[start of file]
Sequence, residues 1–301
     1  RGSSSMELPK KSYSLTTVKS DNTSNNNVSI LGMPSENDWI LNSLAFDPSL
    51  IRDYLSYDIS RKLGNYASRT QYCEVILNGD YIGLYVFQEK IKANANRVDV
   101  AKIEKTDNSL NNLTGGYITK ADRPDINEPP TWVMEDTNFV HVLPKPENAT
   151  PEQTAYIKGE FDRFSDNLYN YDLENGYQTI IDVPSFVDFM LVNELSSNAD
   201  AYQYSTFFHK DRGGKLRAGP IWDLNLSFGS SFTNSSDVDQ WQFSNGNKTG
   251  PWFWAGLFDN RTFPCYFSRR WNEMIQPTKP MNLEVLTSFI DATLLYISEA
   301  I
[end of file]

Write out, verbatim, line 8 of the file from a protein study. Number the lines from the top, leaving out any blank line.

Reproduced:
   301  I